New York Times critic Dwight Garner says “The Slate Culture Gabfest is one of the highlights of my week.” The award-winning Culturefest features Slate culture critics Stephen Metcalf, Dana Stevens, and Julia Turner debating the week in culture, from highbrow to pop.
Whistlestop: Presidential History and Trivia
John Dickerson of Slate’s Political Gabfest revisits a moment from the American carnival of politics. Hear about the grand speeches, emergency strategies, baby kissing, and backstabbing that make each presidential cycle so fascinating.
Slate interviews Americans about their jobs.
Hang Up and Listen
A weekly sports discussion from Slate. Hang Up and Listen features Slate sports editor Josh Levin, writer Stefan Fatsis (author of A Few Seconds of Panic), and a selection of interesting guests from around the sports world.
The Secret History of the Future
Journey into the past and you'll discover the secret history of the future. From the world's first cyber-attack in 1834, to 19th-century virtual reality, The Economist's Tom Standage and Slate's Seth Stevenson examine the historical precedents that can transform our understanding of modern technology, predicting how it might evolve and highlighting pitfalls to avoid. Discovering how people reacted to past innovations can also teach us about ourselves.
Audio Book Club
Join Slate's critics for monthly discussions of new and important books. Read the book club selections and then listen in as our critics hold lively - and sometimes heated - debates about the works. Part of the Panoply Network.
If Then | News on technology, Silicon Valley, politics, and tech policy
If Then: is a show about technology, society, and power. Each week, Slate‘s April Glaser and Will Oremus take you on a lively tour of the tech news that actually matters, from fake news in your Facebook feed to the algorithms that want your job to the Uber drivers who want a job with benefits. With news-making interviews of key tech-industry figures, fascinating academics, and top tech journalists, they explore not only how the technology that’s shaping our world works, but the ideas, ideologies, incentives, and biases that underlie it. And guess what: They don’t always agree.
Who Runs That?
Have you ever seen a product you love and thought about what goes on in the company behind it? Enjoy surprising conversations with the people in charge of some of America's most interesting businesses.
Hi-Phi Nation is philosophy in story-form. On each episode, we begin with stories of ordinary or extraordinary human experiences and transform them into an examination of philosophical ideas that challenge our basic assumptions. We investigate stories, from the serious to the whimsical, the profound and the mundane, that raise thought-provoking, consequential questions, and we answer them with the help of philosophers. The show is produced and hosted by Barry Lam of Vassar College.
Lend Me Your Ears | A Podcast About Shakespeare and Modern Politics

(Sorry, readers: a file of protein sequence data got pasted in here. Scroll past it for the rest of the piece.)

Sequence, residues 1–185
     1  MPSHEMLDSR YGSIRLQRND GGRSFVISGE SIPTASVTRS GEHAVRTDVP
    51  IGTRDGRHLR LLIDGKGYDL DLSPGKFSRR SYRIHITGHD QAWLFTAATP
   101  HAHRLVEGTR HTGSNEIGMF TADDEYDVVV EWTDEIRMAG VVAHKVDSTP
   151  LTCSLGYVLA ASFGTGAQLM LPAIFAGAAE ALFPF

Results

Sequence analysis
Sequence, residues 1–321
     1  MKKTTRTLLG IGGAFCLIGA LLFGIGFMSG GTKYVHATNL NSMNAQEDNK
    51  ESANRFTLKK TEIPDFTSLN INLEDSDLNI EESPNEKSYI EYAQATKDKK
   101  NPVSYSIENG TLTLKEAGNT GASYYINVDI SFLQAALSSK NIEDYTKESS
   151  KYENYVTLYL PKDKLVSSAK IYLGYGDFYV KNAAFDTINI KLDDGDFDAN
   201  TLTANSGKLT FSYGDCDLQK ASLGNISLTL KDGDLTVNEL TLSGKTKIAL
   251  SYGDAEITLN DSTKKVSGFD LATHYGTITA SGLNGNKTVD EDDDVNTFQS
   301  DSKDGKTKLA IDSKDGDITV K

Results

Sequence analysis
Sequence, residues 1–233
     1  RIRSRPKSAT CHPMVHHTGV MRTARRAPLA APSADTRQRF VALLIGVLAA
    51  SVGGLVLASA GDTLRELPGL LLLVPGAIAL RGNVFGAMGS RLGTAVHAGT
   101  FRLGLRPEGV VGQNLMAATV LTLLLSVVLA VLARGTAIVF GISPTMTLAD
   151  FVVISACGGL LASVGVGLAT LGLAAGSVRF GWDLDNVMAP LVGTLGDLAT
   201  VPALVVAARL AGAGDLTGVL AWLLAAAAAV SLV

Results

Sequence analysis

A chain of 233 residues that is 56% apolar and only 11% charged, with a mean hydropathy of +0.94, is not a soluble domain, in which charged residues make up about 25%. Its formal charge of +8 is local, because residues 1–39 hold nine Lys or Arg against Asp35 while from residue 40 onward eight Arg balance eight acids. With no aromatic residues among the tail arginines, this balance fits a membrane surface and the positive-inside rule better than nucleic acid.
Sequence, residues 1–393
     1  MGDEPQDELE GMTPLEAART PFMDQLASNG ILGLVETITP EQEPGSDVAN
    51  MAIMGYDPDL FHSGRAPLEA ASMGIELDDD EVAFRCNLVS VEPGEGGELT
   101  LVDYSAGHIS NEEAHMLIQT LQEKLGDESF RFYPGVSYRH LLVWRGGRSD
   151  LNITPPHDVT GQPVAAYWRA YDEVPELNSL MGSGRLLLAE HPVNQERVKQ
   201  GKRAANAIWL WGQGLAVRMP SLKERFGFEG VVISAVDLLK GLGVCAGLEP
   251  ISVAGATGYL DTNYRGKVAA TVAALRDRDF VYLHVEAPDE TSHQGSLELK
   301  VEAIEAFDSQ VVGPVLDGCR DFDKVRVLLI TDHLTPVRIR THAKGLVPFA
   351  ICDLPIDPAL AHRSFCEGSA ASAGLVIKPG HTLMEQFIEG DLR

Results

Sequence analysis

Readers and audiences have turned to Shakespeare’s greatest plays for their insights into power and performance, sex and religion, demagoguery and populism. Every month, Slate’s Isaac Butler takes listeners deep into a different play to find out what Shakespeare has to say about politics in our troubled age. This podcast is made possible by Slate Plus members, who will get full-length bonus episodes.
I Have to Ask
As Slate’s resident interrogator, Isaac Chotiner has tangled with Newt Gingrich and gotten personal with novelist Jonathan Franzen. Now he brings his pointed and smart interview style to “I Have to Ask.”
Employee of the Month
We spend most of our time working, so what does it take to (mainly) love what you do? How do even the most gifted, talented, intelligent, ambitious, disciplined, imaginative, inventive, and lucky people develop their point of view, find meaning, serve a greater good, deal with work place politics, rejection, finances, boredom, red tape, logistics, and creative roadblocks? What are the perks or enjoyable about forging your own path? Catie Lazarus and her guests delve into beauty, banality and absurdity of work, jobs, and labor.
Upon Further Review
From Mike Pesca, host of the popular Slate podcast The Gist, comes the greatest sports minds imagining how the world would change if a play, trade, injury, or referee's call had just gone the other way. Upon Further Review is a limited edition Slate podcast based on the book of the same name. Over the course of five episodes Mike and a roster of podcast All-Stars will explore counterfactual sporting scenarios through a combination of speculative fiction, investigative journalism and sound-rich narrative. From turning points that every sports fan rues or celebrates, to the forgotten would-be inflection points that defined sports, Upon Further Review answers age old questions, and settles the score, even if the score bounced off the crossbar.
Represent is a space for discussion, highlighting movies, TV, and online shows created by and/or about women, people of color, people with disabilities, and those in the LGBTQ community. Join Aisha Harris as she dives deep into conversations with critics about the latest pop cultural news, and filmmakers about what they do and how they do it.